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vallentin

A new type of data?

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Dancing B+trees linked at the bottom with propagated statistics and page momentae(cached pointers to pages in another dancing B+ trees signifiantly smaller);vacuum against time intervals;pointers in the main btree to pages-with-statistics changed at partial vacuum time;ballanced subtrees at page moments after vacuum there;threads that gain or lose speed to do partial vacuum continuously;dimensions needed in base of a subtree f(n):actual relation to preserve r(f(n)/crt,crt/f(nlastvacuum) r in {<=,>=};statistics are made global and partial per subtree and use counts and medium depth;using pair of before-last level where applicable keys to evenly split data between not full related pages and splitting in a custom number of pages;algorithm to partial vacuum start from the belt and rise up from left to right just creating new and deleting marginal values from other pages [Edited by - vallentin on April 4, 2008 11:34:48 AM]

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Since your previous discussion about a new programming language, I've finished the iterator functionality of my Extensible Compressed Trie. I've also got it hosted on its own site with a Wiki. You can view it at its SourceForge project page. Compare it with what you've got and tell me what you think of it.

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Put simply, it is a hybrid between a B-tree and a Trie leaning more heavily on the side of the Trie.

When a node in the tree has only one child, it holds the index and the link in the node itself without allocating any branch space for the rest of the structure. When that node gets a second child, it allocates a vector with (depending on which constructor you used) enough memory to hold both children's links in the vector using either the largest index as the maximum node index to use, or the maximum specified in the constructor.

If the maximum node size was specified in the constructor the write time is O(1) but the memory consumption is higher. If you didn't specify a maximum node size in the constructor, then that introduces the possibility of a node resize operation which has a O(n) with a small value of n representing the number of indexes in the existing node that need to be copied to the new node. The read time is always O(1) and the iterator operates on O(n) for every advance to the iterator.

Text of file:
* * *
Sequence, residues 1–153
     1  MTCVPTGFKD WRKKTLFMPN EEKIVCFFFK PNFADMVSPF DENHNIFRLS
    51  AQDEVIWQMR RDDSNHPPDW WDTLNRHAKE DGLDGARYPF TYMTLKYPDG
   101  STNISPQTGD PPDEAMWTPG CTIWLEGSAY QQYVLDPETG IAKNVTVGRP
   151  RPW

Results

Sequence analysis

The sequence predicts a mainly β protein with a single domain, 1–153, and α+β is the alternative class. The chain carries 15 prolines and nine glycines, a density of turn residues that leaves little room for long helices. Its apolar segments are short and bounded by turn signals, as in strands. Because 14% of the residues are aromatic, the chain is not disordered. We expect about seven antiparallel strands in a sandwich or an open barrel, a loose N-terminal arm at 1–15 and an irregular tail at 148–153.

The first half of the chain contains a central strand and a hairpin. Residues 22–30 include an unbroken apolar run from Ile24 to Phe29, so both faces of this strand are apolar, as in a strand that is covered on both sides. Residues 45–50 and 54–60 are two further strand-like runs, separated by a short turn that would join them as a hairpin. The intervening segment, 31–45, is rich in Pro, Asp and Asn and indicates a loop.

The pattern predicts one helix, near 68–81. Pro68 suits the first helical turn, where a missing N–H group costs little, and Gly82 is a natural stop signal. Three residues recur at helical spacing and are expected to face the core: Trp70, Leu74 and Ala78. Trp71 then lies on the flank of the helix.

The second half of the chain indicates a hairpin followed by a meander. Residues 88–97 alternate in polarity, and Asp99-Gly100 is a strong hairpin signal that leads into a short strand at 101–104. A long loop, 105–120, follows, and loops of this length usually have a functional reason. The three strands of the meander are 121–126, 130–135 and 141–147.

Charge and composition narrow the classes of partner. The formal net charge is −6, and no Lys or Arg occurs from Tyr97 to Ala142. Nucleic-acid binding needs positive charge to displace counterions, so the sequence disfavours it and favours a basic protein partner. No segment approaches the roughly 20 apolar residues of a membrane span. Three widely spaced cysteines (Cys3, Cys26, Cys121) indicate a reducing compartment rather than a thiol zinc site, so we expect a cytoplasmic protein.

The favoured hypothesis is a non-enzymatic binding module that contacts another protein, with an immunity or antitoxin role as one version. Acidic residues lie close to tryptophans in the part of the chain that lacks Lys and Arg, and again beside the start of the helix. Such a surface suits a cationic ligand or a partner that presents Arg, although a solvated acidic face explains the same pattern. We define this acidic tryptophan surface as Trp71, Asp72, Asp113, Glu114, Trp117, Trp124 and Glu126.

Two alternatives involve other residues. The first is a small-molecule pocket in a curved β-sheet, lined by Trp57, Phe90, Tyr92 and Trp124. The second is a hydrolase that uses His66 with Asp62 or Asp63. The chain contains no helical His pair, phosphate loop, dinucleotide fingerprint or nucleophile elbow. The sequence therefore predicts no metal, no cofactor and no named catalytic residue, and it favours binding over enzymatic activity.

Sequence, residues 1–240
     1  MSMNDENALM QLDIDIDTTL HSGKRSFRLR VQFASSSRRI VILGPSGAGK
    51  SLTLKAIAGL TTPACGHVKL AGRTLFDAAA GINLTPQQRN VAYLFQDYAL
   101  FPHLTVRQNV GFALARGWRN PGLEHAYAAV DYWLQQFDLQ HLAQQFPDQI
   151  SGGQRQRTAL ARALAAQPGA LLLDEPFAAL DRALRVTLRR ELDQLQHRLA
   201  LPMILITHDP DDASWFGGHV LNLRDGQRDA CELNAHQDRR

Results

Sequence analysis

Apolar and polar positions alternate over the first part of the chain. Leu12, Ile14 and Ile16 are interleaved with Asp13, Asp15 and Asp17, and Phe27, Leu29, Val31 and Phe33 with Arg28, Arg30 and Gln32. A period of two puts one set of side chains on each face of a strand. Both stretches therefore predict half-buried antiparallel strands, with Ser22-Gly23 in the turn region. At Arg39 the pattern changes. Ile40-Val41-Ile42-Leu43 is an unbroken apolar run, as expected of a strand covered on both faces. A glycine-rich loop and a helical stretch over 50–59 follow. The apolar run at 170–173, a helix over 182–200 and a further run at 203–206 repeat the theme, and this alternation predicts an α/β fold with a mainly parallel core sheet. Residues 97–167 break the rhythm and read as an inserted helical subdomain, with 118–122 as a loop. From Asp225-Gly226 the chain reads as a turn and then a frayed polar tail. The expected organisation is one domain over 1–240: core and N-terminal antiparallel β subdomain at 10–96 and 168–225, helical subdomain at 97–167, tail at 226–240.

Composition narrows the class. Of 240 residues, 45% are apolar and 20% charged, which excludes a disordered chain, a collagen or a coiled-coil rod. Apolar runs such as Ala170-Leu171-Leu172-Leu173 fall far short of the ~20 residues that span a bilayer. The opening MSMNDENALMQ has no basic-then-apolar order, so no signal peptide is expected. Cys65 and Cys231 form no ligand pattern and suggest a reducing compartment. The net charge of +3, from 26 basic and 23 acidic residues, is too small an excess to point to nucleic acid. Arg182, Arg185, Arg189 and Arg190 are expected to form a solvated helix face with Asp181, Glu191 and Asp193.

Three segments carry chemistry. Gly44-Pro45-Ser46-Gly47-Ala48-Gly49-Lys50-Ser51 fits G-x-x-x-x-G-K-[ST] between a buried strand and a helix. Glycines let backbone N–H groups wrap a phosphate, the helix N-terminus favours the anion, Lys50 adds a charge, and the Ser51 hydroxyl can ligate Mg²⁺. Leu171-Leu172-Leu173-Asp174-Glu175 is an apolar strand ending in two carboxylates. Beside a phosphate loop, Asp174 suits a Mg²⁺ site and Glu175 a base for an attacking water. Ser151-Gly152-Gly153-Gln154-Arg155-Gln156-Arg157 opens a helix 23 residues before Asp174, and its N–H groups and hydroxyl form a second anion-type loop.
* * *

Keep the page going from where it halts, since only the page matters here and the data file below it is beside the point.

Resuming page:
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Quote:
Original post by samuraicrow
Put simply, it is a hybrid between a B-tree and a Trie leaning more heavily on the side of the Trie.

When a node in the tree has only one child, it holds the index and the link in the node itself without allocating any branch space for the rest of the structure. When that node gets a second child, it allocates a vector with (depending on which constructor you used) enough memory to hold both children's links in the vector using either the largest index as the maximum node index to use, or the maximum specified in the constructor.

If the maximum node size was specified in the constructor the write time is O(1) but the memory consumption is higher. If you didn't specify a maximum node size in the constructor, then that introduces the possibility of a node resize operation which has a O(n) with a small value of n representing the number of indexes in the existing node that need to be copied to the new node. The read time is always O(1) and the iterator operates on O(n) for every advance to the iterator.


why do you resize nodes-isn't it paginated?The rest should be U and L.Obviously you have already known that(btree in wikipedia).

[Edited by - vallentin on March 23, 2008 2:34:30 PM]

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The B-Tree similarity ends with the way that compressed nodes are stored. If you specify a maximum partial-key value in the constructor then the nodes allocate the biggest size necessary and never resize. I guess I shouldn't have brought this up in a B-Tree thread when clearly my data structure is primarily a trie (Wikipedia article on trie) intended to store strings of a data type such as a character string or a string of tokens.

The reason you'd want a resizable node is if you don't know what the maximum value of the partial-key is at the time of the creation of the trie but want to be able to repeatedly read back in constant time what was stored once in linear time. For example, in a compiler I'm working on there is a different token ID assigned to every data type. Since we don't know how many class types are present until we reach the end of the file on the first pass, we have to keep resizing the trie until we have added the last class definition. On the second pass (when we do the code generation) we have to access the trie to look up the type of each variable each time a variable is accessed. That information is read from the trie many times more often then it is written to. This makes the resizing of the trie nodes an acceptable sacrifice.

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Quote:
Original post by Promit
And what problem are you trying to solve?


It was a faster-to-retrieve data type.Maybe you were talking to samuraicrow

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